What is that little piece of paper worth?

Discussion in 'Economics' started by peilthetraveler, Feb 5, 2010.

  1. "It's a slow day in some little town.

    The sun is hot....the streets are deserted.

    Times are tough, everybody is in debt, and everybody lives on credit.

    On this particular day a rich tourist from back west is driving thru town.

    He stops at the motel and lays a $100 bill on the desk saying he wants to inspect the rooms upstairs in order to pick one to spend the night.

    As soon as the man walks upstairs, the owner grabs the bill and runs next door to pay his debt to the butcher.

    The butcher takes the $100 and runs down the street to retire his debt to the pig farmer.

    The pig farmer takes the $100 and heads off to pay his bill at the feed store.

    The guy at the Farmer's Co-op takes the $100 and runs to pay his debt to the local prostitute, who has also been facing hard times and has had to offer her services on credit.

    She, in a flash, rushes to the motel and pays off her room bill with the motel owner.

    The motel proprietor now places the $100 back on the counter so the rich traveler will not suspect anything.

    At that moment the the traveler comes down the stairs, picks up the $100 bill, states that the rooms are not satisfactory, pockets the money & leaves.

    NOW, no one produced anything...and no one earned anything...however the whole town is out of debt and is looking to the future with much optimism.

    And that, ladies and gentlemen is precisely how the U.S. and Canadian Governments are conducting business today!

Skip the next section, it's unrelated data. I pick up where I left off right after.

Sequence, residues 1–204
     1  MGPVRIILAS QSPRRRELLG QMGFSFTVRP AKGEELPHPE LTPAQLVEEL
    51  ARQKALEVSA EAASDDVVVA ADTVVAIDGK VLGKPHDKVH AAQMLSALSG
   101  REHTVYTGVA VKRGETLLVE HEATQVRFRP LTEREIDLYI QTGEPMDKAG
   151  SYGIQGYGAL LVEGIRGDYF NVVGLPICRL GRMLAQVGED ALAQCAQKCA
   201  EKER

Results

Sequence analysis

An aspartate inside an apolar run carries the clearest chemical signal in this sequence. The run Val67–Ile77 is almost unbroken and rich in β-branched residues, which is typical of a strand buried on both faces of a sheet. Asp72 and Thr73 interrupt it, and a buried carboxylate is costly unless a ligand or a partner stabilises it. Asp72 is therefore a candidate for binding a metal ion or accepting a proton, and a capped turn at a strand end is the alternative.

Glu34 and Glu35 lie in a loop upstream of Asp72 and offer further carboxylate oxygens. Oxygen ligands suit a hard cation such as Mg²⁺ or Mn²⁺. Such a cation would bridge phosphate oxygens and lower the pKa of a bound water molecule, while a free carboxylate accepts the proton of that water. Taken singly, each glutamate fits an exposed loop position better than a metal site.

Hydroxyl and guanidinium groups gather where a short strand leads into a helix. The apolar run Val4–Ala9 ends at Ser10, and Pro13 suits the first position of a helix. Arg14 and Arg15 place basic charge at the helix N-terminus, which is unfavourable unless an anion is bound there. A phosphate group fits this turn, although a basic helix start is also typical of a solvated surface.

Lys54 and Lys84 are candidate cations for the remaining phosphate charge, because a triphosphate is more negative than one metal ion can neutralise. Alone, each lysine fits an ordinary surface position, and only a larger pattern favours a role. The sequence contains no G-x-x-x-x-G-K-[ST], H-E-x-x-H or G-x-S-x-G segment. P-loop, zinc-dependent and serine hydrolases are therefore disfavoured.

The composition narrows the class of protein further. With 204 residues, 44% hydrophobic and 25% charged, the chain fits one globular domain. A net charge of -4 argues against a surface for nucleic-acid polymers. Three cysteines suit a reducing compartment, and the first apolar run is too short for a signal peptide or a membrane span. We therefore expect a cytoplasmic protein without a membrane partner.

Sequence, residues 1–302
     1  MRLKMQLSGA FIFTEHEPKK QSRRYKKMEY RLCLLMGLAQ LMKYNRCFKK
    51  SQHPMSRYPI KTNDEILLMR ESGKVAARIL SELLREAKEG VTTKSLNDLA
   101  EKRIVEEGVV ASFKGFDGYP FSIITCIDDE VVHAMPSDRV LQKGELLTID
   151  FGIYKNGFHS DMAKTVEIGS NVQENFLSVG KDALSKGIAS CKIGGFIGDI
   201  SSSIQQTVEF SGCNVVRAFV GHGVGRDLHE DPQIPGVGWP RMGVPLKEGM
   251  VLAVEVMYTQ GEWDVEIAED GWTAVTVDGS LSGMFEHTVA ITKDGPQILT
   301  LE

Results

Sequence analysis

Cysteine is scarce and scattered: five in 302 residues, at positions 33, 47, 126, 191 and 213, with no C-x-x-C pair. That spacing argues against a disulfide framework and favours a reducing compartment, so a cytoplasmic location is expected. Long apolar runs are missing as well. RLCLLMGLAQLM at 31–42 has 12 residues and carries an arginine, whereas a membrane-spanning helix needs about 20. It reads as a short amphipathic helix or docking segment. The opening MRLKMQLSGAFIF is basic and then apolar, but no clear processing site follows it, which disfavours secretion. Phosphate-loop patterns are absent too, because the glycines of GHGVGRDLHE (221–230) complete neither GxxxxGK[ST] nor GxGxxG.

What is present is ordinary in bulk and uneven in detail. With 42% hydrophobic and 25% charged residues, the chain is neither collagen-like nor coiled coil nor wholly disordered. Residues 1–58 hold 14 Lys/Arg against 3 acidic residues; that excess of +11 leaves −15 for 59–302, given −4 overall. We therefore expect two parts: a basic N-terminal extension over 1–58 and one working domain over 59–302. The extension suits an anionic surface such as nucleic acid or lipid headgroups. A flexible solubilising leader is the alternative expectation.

Remember it is only paper that represents value. Do you ever really see the cash you are paid for your labour? Hold it in your hands? Or is it just numbers on pieces of paper or whizzing across a computer screen? "

    I saw this on a message board today and thought it was pretty funny.
  2. nameless


    Didn't everybody in the little town also hold $100 credit to others at the same time. They weren't net in debt before the rich man came, weren't they?
  3. m22au


    I agree with nameless - it appears that the agents in the story each had receivables of $100 and debt of $100.
  4. 1. Yes, but if you can't collect on your recievables, you view them as worth $0 but your debt still intact (or -$100).

    2. Why don't they just 'net out'? It only takes one person to say, "No" and collapse the process.

    3. The example works well in a closed system - but its more likely to note that the feed guy owes $100 to the feed distributor outside the town who actually requires some money to settle his debt. See #2.

    4. The key is EARNINGS. If people have earnings, they are ok with taking on debt. No earnings or prospect thereof, no willingness to assume debt and risk, particularly if there is no way to 'reset' (old BK statutes, since replaced)
  5. The replies to this post is a great gauge of the people who frequent ET.

    It was just supposed to be a funny read and 3 people turn it into an economic debate full of negativity.
  6. The point is that you need accepted liquidity to make things move. The butcher obviously did not need $100 worth of stay at a hotel near his home so the debt is not transferred. The reason it is not net zero when debt is involved is because individuals can default on the debt if they don't receive a bailout.
  7. pitz


    When people stop working inside this so-called 'virtuous circle', and creating useful output, is when it all comes crashing down.

    The hotel owner that is just shuffling money around like this, has no ability to renovate his hotel. The prostitute can't get a boob-job or whatever cosmetic surgery she needs to keep her clientele. The farmer's truck wears out. Etc.

    And that's exactly what's happened in America today. The economy and its infrastructure has been most thoroughly capital-stripped. Whatever regenerative capacity existed, has been usurped by the banking parasites.

    It shows up in a declining ability to charge top dollar. What happens when the worn-out hotel room can only be sold for $60/night instead of $100/night. The hotel owner becomes short on his debt. Who then shorts everyone else up and down the chain, and just makes the situation even worse.